Introduction

Logic, like mathematics, psychology, history, physics, and many other academic fields is a broad subject with many specialized areas and sub-disciplines. The aim of the first part of this text is to introduce you to the main ideas behind what is called philosophical logic in an informal way.

In general, philosophical logic is the study of the principles of correct reasoning. This study includes all the tools one can use in deciding how well a claim is supported by a set of reasons given to support the truth of that claim.

For readers of Part 1 of this text, this will include a study of relations between statements (in the sense of how the truth of a statement or set of statements affects the truth of another statement), arguments both strong and weak, the distinction between proof and strong arguments, the principle of induction as used in reasoning and an examination of some common bad arguments known as fallacies.

Part 2 of this text will cover a formalization of propositional logic which will allow us to examine relations between propositional statements and the validity of arguments in a formal way, as well as evaluate and construct proofs of propositional statements and prove theorems by using rules of inference and equivalence statements.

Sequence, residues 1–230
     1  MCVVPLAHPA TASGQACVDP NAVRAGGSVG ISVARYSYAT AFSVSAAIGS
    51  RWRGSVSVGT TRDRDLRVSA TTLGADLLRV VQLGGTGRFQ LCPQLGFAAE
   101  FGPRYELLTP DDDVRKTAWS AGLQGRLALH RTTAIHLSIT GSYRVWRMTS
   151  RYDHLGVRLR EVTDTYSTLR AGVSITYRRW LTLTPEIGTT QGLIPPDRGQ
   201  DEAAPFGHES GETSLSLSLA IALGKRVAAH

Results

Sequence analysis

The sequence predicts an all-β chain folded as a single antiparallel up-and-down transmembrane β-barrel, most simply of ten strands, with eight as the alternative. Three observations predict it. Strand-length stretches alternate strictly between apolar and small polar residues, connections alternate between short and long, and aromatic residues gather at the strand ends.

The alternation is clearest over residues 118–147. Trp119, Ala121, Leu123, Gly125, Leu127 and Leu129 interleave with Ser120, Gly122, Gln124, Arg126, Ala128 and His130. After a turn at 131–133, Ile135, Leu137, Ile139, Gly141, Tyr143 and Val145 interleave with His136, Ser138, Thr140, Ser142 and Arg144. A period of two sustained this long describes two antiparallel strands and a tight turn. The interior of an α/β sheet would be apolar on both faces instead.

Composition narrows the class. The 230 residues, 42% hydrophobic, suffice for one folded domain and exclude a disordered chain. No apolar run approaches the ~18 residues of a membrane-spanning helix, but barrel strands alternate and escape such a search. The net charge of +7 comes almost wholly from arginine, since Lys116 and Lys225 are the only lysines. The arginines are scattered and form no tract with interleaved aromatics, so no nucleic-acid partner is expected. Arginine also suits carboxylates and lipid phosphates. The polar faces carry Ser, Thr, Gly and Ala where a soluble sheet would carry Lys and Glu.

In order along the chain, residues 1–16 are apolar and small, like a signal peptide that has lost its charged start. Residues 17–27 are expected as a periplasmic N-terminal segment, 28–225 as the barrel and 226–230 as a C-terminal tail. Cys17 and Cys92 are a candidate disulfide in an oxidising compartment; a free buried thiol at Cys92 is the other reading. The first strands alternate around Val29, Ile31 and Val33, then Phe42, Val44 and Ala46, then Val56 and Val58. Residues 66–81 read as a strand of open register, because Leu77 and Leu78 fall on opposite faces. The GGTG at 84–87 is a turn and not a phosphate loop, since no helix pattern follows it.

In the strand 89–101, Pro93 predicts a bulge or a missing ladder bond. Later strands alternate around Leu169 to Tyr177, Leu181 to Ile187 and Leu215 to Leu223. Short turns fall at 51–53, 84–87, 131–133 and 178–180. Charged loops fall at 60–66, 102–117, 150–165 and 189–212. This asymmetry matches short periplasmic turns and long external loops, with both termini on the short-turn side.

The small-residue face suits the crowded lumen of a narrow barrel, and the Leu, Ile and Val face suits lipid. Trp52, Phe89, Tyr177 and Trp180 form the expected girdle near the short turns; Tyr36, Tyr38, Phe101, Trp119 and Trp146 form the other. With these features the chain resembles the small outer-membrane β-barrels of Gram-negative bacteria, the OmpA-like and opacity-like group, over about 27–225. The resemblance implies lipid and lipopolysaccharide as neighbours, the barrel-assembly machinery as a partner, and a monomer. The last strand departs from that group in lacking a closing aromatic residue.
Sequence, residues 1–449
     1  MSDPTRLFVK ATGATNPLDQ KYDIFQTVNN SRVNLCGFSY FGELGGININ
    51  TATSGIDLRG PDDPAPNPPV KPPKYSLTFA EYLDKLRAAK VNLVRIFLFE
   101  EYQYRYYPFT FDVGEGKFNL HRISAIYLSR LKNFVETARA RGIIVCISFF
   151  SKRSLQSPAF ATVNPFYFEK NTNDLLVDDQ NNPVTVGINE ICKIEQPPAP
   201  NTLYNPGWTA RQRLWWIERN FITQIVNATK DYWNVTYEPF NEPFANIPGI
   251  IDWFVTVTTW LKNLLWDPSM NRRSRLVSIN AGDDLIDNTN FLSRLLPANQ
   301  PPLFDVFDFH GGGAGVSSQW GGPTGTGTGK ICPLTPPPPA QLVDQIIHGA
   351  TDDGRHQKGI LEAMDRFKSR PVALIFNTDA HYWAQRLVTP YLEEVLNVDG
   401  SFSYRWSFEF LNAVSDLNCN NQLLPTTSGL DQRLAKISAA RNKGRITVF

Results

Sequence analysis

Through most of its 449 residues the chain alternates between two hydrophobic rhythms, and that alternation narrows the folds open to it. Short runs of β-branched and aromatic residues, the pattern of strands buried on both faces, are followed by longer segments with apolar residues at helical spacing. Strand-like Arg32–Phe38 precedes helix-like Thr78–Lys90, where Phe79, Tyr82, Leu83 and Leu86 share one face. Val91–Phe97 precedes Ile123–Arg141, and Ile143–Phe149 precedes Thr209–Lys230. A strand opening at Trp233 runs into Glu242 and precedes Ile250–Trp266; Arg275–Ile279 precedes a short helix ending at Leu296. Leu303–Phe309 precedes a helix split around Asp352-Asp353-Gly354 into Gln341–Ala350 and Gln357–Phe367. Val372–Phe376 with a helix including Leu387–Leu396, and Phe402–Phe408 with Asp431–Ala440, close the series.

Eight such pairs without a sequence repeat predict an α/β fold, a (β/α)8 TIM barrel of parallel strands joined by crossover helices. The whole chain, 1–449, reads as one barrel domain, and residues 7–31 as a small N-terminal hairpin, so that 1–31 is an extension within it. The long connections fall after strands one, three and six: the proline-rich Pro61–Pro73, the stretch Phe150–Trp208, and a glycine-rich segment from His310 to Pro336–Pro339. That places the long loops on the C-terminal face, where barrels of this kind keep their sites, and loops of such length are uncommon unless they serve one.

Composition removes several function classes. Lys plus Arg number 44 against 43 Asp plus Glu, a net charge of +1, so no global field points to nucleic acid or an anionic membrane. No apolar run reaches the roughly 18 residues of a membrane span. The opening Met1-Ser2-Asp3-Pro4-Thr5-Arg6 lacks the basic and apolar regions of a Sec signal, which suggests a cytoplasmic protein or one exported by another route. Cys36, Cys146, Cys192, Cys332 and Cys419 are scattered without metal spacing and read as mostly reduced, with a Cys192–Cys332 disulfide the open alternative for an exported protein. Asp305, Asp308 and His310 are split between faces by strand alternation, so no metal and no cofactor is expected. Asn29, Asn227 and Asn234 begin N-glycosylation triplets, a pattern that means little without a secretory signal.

Part 3 of this text will expand on our treatment of propositions by including propositions which use quantifying terms such as 'all', 'none', 'at least one'. This will be accomplished by first examining sets and set operations which will give us a powerful group of tools and extend our ability to prove arguments and relations between statements which are categorical in nature.

Finally Part 4 of this text will make use of the sets and theorems about sets we learn in Part 3 to examine the theory of probability for finite equiprobable sample spaces as well as concepts related to statistical analysis (learning about a population from a sample of its members) and statistical fallacies.